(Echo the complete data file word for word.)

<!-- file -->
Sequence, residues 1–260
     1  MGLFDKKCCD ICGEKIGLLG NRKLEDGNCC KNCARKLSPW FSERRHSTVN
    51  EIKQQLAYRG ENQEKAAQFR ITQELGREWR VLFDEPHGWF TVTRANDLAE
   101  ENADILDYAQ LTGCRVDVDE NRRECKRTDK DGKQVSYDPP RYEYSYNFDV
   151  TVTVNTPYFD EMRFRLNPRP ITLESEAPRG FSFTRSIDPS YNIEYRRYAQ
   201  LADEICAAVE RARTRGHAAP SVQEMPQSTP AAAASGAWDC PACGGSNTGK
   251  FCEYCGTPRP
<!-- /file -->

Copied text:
Sequence, residues 1–260
     1  MGLFDKKCCD ICGEKIGLLG NRKLEDGNCC KNCARKLSPW FSERRHSTVN
    51  EIKQQLAYRG ENQEKAAQFR ITQELGREWR VLFDEPHGWF TVTRANDLAE
   101  ENADILDYAQ LTGCRVDVDE NRRECKRTDK DGKQVSYDPP RYEYSYNFDV
   151  TVTVNTPYFD EMRFRLNPRP ITLESEAPRG FSFTRSIDPS YNIEYRRYAQ
   201  LADEICAAVE RARTRGHAAP SVQEMPQSTP AAAASGAWDC PACGGSNTGK
   251  FCEYCGTPRP